The National:

This is from a newsletter from Gordon MacIntyre-Kemp, called Reinventing Scotland. It explores the wellbeing economy. Sign up here to receive it every Tuesday at 7pm. 

THE single biggest barrier to progressive change on wellbeing, independence and even sustainability in Scotland is our reliance on politics to lead that change.

Civil activism in Scotland is dominated by political discourse and the biggest champions of change are addicted to party politics. Party politics makes gradual improvements here and there, playing at the margins (that's what it’s designed to do) but it cannot deliver the radical step-change Scotland needs to become an independent nation focused on the wellbeing of our people, our economy and our environment.

New vehicles for change

In the past, especially if you supported independence, there was nowhere to move that agenda forward other than through the SNP. The 2014 referendum changed that.

The National:

There was the uninspiring and largely ineffective Yes Scotland but there were loads of local Yes groups and national organisations such as Women for Independence, National Collective, English Scots for Yes, Business for Scotland and Pensioners for Indy. There was a real movement and although there was a dominant political party, the heart and soul of that movement wasn't political. Once the referendum was lost, the swift closure of Yes Scotland saw the disappearance of its database of a million plus independence supporters and mothballing of social media accounts with hundreds of thousands of followers.

Desperate for somewhere to go and unwilling to give up the fight, independence supporters flocked to the SNP, driving the party’s membership into six figures. This changed the language of the independence movement and by association changed the language of the most progressive voices in Scotland to that of politics, and the recent adding of more political parties to that mix has just reinforced the language problem.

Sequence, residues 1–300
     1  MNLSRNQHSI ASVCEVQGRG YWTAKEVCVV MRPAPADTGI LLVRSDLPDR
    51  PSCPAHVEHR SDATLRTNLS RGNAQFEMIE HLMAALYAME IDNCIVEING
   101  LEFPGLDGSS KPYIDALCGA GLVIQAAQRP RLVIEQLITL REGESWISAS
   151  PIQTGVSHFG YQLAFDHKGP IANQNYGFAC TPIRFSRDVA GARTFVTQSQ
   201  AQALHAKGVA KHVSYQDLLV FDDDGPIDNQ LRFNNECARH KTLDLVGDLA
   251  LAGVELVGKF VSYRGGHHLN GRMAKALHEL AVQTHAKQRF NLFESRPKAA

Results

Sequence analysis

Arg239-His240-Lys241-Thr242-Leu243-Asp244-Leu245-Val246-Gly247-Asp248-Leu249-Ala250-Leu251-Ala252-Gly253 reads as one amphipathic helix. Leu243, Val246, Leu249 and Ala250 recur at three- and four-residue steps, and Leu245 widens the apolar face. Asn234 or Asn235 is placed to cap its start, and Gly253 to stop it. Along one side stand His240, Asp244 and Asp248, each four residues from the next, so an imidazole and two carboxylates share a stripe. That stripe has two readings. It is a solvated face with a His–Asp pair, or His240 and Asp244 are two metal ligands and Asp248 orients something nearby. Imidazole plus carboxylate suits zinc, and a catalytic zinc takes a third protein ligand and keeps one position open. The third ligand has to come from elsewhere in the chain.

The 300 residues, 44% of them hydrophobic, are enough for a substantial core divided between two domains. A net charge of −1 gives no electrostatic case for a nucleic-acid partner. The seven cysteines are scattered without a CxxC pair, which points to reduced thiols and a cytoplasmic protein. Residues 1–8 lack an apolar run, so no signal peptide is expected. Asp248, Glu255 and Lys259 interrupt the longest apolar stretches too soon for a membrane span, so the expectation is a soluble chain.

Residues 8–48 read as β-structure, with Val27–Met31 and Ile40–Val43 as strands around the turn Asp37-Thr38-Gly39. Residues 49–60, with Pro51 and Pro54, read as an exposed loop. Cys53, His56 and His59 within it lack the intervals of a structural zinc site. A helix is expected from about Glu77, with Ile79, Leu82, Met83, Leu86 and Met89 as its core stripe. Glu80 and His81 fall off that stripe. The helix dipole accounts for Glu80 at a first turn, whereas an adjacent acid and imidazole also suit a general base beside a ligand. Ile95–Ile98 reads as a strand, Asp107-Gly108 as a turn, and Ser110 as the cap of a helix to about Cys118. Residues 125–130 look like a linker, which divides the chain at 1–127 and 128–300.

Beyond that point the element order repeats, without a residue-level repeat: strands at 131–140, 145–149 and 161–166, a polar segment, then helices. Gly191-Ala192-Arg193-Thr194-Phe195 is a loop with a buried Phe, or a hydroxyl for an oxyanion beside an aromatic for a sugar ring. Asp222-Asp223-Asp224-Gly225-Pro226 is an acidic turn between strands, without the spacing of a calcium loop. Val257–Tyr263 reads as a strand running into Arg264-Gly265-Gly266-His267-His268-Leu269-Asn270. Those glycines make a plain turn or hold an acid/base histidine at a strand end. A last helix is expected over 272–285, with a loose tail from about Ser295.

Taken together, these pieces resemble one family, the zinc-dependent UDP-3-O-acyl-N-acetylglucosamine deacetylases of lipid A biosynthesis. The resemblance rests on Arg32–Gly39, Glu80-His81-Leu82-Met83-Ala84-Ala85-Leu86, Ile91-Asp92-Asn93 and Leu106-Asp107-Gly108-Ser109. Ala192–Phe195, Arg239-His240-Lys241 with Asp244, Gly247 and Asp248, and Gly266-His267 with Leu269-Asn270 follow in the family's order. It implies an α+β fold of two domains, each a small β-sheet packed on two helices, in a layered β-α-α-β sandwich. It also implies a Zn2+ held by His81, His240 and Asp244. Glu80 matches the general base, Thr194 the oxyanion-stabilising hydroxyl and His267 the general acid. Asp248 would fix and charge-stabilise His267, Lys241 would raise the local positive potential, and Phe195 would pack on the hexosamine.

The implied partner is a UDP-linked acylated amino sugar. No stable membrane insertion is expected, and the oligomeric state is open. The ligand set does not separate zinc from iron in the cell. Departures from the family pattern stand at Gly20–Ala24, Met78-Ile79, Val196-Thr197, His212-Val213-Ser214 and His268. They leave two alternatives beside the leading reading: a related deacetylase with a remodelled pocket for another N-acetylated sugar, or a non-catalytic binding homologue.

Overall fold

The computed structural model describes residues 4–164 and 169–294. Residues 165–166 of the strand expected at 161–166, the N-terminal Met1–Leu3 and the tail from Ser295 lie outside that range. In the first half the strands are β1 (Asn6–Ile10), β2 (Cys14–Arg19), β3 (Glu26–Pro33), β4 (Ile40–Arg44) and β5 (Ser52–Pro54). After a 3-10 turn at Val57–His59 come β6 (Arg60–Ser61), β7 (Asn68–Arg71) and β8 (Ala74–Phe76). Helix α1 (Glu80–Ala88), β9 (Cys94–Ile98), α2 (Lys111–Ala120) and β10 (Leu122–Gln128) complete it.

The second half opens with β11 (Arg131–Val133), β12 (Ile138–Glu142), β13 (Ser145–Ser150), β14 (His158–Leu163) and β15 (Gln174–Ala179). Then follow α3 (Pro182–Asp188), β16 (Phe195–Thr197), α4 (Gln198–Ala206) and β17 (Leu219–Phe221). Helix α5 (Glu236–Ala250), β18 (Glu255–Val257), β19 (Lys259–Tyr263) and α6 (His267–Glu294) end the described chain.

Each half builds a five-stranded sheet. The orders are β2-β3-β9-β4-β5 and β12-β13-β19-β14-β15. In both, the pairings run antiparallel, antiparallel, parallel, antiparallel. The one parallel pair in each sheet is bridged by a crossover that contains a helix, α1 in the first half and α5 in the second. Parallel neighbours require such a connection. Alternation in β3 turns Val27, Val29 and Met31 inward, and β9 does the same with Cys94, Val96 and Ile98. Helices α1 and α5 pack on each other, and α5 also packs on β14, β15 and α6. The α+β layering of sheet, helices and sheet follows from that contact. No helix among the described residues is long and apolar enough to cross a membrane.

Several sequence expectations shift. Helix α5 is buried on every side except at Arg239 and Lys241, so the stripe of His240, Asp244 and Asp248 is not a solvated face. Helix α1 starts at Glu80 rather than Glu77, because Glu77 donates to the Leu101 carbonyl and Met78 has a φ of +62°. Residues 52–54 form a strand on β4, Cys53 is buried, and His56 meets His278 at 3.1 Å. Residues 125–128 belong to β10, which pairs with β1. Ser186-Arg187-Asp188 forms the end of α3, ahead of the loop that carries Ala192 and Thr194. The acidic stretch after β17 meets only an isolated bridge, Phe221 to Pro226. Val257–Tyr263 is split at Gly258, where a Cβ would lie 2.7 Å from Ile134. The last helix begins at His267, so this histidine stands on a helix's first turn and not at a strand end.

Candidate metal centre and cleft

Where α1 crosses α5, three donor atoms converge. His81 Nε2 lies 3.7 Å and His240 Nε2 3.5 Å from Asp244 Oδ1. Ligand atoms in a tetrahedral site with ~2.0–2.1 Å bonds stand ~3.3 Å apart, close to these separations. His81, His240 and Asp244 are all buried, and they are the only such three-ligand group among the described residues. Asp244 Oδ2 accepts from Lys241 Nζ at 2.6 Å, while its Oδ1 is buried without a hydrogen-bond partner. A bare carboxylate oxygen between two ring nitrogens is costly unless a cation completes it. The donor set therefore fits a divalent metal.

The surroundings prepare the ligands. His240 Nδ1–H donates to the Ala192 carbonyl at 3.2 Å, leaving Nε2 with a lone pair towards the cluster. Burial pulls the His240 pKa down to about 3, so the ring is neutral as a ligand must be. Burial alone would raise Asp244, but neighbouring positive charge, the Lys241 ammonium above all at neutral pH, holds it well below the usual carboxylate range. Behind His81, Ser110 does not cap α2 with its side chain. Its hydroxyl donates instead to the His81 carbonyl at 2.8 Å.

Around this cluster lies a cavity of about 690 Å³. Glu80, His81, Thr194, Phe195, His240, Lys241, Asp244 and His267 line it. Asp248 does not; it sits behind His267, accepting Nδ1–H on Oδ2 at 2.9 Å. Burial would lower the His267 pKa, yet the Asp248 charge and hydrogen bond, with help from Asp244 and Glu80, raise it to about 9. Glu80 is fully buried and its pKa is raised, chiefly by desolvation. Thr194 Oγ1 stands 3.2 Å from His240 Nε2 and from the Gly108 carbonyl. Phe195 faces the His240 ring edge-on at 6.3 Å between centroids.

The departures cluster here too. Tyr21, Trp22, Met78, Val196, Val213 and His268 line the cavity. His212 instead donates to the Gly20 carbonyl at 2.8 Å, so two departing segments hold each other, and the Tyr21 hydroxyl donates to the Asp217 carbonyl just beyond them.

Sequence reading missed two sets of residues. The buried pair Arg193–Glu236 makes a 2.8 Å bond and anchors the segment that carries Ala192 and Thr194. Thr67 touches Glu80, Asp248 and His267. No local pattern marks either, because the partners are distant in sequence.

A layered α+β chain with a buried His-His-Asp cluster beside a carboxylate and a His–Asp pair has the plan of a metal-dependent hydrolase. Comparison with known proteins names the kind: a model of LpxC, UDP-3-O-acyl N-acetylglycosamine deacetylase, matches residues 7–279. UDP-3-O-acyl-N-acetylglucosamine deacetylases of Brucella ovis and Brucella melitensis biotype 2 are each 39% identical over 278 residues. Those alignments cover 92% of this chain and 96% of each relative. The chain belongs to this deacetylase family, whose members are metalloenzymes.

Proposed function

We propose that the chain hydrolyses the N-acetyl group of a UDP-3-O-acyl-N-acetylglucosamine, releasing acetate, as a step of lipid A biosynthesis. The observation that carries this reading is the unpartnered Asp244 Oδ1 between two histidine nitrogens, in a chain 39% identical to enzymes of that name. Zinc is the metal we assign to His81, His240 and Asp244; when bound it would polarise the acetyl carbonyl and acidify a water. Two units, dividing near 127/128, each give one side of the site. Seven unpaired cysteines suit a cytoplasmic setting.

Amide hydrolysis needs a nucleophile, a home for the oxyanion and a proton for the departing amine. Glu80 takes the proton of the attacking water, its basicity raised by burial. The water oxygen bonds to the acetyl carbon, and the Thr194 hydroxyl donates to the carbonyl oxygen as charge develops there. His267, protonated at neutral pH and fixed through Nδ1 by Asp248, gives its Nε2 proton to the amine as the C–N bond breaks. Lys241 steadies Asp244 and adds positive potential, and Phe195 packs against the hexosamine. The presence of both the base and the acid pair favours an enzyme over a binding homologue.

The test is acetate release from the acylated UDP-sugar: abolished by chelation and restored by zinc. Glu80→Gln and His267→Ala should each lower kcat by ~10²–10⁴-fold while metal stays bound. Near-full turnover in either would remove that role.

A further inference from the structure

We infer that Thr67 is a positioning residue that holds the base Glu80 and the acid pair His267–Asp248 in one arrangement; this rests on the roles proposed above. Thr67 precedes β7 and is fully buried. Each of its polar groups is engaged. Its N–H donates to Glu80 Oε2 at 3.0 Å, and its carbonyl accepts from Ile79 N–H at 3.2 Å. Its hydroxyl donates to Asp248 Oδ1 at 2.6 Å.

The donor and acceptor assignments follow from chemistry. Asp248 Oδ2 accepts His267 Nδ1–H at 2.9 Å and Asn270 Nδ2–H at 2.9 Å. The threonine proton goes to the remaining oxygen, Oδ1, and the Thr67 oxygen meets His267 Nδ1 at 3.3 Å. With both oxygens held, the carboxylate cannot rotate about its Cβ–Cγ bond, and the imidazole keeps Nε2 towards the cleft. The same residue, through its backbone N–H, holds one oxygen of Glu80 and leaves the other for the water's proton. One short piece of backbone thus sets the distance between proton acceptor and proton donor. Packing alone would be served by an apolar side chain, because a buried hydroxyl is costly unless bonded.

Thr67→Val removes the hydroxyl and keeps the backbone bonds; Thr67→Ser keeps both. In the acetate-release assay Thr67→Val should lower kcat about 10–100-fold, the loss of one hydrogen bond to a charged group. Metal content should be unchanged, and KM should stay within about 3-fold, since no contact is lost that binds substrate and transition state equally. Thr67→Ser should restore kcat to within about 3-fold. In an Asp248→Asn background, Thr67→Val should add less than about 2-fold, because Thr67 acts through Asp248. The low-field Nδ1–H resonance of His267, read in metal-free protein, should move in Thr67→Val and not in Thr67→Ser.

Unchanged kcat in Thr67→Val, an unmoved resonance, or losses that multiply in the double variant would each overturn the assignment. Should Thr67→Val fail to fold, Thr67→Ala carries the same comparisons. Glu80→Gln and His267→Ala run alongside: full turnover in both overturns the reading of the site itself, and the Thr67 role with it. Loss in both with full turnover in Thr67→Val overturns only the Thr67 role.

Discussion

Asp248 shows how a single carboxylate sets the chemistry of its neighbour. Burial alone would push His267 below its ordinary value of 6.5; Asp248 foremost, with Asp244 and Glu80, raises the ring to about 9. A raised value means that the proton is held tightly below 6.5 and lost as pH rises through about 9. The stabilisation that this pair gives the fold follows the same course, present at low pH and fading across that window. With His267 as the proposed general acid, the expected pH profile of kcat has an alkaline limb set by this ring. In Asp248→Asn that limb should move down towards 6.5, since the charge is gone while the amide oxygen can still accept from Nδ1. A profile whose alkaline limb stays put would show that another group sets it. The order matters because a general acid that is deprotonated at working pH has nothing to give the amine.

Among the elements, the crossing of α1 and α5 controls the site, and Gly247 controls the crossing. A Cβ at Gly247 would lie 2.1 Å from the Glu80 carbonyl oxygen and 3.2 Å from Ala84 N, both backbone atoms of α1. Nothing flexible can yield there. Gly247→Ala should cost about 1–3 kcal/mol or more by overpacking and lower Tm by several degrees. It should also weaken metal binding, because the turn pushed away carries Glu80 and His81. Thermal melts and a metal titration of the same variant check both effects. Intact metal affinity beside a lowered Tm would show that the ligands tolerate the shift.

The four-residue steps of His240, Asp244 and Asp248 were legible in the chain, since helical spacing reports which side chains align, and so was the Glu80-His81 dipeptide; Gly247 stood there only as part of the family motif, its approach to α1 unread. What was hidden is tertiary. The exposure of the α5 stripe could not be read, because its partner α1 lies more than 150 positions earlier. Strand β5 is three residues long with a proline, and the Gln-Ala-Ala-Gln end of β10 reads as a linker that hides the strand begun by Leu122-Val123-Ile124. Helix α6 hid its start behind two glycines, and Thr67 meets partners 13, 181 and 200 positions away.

Political language is a barrier to progress

People react emotionally and negatively to political language. They can spot it a mile off. They expect arguments, hackles go up and it triggers the fight-or-flight reaction in people's brains. People don't like “being messaged”, they don't like the double-speak, rhetoric and manipulation of political language.

If we want to change minds and introduce progressive ideas such as a move to a wellbeing economy, or a just transition to renewables, then we need to change from the language of politics to the language of hope and ambition.

The National: Believe in Scotland has made the case that independence is normal – and this will be a key message to voters across Scotland

This is what Believe in Scotland does and every week activists report that losing the political insignia and telling people that “we don't support political parties, we just believe in Scotland” completely changes the dynamic.

Even in regions where independence support is lowest, we get almost zero pushback once we describe who we are, and have pleasant discussions with both the undecided and those that disagree.